Messrs. Blewett Lee, Robert V. Fletcher, Hunter C. Leake, and Gustave Lemle for appellant.
[236 U.S. 157, 159] Mr. Wylie M. Barrow and Mr. Ruffin G. Pleasant, Attorney General of Louisiana, for appellees.
Mr. Justice McReynolds delivered the opinion of the court:
After a full hearing and investigation the Railroad Commission of Louisiana, on August 8, 1903, promulgated the following, known as order No. 295:
By a proceeding against the members of the commission, commenced in the United States circuit court, eastern district of Louisiana, February 10, 1904, the appellant, a common carrier of freight and passengers operating lines in Louisiana, attacked the validity of this order upon the ground that it is an unlawful attempt to regulate interstate commerce and for other reasons, and prayed that defendants be restrained from enforcing it. Shortly thereafter a temporary injunction was granted, to remain effective pending the cause or until otherwise directed; and on October 6, 1904, defendants answered, denying all the alleged equities. The record discloses no further action by either party until April, 1913, when a rather meager and unsatisfactory agreed statement of facts was filed. The trial court dismissed the bill without prejudice,-January, 1914,-saying that the questions involved had been indirectly decided by this court in Grand Trunk R. Co. v. Michigan R. Commission, 231 U.S. 457 , 58 L. ed. 310, 34 Sup. Ct. Rep. 152. [236 U.S. 157, 162] From this decree a direct appeal was taken and a supersedeas was allowed.
The extraordinary delay in bringing the cause to final hearing is not explained; and in the circumstances we deem it quite sufficient briefly to indicate and decide the controlling question.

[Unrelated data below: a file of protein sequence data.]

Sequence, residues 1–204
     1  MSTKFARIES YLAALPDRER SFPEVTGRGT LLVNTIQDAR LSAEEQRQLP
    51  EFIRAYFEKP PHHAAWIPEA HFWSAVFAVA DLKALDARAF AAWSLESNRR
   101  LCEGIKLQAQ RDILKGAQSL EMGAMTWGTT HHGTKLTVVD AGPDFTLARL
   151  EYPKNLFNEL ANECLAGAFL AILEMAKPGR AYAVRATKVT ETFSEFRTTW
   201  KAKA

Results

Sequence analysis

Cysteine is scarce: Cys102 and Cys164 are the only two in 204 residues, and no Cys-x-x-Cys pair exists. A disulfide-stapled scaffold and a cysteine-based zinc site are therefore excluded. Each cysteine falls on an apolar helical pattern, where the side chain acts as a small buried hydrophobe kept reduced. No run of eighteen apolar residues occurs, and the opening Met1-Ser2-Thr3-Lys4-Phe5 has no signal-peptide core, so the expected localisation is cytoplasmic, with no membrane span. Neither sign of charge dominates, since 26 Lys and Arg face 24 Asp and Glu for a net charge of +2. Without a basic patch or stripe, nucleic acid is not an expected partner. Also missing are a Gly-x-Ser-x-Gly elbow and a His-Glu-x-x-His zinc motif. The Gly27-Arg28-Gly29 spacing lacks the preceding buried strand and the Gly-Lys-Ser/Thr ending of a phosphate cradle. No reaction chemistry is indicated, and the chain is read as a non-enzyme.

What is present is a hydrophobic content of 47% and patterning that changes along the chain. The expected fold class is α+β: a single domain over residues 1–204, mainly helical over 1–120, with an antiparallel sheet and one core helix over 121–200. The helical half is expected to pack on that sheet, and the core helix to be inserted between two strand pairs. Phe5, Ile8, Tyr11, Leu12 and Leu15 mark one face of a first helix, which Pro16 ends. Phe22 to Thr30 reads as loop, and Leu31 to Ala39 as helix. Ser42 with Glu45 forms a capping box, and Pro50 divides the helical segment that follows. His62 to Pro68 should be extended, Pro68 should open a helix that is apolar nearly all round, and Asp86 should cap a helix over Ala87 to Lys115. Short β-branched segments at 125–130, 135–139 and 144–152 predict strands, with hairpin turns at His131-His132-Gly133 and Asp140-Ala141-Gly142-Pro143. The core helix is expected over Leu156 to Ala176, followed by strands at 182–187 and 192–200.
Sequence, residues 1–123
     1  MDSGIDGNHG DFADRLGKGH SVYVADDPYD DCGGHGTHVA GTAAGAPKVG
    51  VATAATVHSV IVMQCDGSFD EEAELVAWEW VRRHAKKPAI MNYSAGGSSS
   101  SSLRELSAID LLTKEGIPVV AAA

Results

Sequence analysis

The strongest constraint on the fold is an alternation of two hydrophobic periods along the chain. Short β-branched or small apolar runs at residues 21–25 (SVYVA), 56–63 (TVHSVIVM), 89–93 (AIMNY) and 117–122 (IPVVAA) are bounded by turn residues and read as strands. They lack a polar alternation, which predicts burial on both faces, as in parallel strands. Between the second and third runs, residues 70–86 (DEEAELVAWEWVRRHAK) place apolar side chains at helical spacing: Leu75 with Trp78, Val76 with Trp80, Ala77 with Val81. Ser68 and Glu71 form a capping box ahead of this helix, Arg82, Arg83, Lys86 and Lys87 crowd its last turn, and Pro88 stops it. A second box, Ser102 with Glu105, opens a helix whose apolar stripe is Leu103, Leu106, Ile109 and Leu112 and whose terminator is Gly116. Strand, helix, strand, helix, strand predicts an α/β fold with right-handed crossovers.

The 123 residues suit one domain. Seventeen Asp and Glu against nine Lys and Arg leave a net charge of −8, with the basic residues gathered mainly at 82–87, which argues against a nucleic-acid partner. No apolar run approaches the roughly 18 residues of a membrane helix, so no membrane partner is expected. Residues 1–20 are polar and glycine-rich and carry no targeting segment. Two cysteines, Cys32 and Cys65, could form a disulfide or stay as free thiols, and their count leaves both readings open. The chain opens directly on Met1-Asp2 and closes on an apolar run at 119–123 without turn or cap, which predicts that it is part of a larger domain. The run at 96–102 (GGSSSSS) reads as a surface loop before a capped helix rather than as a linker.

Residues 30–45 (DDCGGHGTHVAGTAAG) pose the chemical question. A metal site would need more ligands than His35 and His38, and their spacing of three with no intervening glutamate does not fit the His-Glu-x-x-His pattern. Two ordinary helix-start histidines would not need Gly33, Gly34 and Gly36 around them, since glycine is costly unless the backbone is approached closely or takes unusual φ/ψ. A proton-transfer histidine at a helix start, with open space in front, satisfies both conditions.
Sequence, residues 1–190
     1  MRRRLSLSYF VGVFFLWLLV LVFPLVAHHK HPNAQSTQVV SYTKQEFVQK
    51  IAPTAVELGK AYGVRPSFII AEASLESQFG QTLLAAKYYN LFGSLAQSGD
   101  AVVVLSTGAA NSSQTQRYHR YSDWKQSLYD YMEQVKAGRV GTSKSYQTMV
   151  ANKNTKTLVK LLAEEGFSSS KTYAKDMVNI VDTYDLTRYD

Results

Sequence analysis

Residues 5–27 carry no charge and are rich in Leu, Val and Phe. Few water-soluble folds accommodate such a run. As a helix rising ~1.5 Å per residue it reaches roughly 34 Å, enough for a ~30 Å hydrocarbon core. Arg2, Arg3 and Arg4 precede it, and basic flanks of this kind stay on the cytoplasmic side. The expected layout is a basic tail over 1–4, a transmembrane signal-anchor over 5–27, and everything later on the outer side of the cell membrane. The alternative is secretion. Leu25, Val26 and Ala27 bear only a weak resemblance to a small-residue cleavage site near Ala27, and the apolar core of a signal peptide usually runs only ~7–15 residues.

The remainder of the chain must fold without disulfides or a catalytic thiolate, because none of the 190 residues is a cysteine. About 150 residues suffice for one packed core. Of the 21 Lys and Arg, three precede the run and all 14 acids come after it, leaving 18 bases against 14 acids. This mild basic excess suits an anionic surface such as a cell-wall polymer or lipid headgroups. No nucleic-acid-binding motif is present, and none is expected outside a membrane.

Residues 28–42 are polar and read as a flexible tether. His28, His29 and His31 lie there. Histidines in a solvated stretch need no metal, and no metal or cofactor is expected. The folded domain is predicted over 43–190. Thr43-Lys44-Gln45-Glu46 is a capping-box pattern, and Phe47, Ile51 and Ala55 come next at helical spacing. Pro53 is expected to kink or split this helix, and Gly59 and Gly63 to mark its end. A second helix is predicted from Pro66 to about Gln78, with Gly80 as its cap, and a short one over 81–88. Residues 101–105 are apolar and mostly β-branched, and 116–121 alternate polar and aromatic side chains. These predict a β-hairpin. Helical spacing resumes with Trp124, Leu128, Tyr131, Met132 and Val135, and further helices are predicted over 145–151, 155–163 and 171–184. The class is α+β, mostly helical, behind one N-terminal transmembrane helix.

With the consent of the proper local authorities appellant constructed and now operates at New Orleans extensive terminals, including switch and side tracks, warehouses and yards. These are essential to the proper conduct of its large interstate and foreign business; and when it brings freight there the cars are placed on its various switch tracks, to be unloaded by the consignees. At New Orleans physical connections exist between appellant's tracks and the lines of competitive railroads leading therefrom to many states; if order No. 295 is enforced, its switch tracks will be subjected to use by such railroads; more cars will pass over them; and its power to comply with obligations to patrons will be hindered. Together with the various railroads, appellant has published and now has in effect terminal tariffs covering switching; these include no rates for transporting freight to or from the city, 'but simply cover the charges made for switching cars from the depot or yard of one railroad company to points on its terminals.' Upon orders of the consigness certain switch movements are made entirely within the switching limits of the city, between points one or both of which may be located upon the terminals of the Illinois Central, and for these charges are made, varying according to distance, with an addition of $3 per car for rental. When a car loaded with interstate freight arrives at New Orleans, the consignee is first notified that the contents are ready for delivery at the carrier's depot or warehouse. After calling and paying the charges, he gives to the agent of the railroad transporting the shipment an order directing that the cars be switched and [236 U.S. 157, 163] placed on some terminal or industrial track for delivery. This order is then submitted to the Illinois Central Railroad, and in due course is executed by it.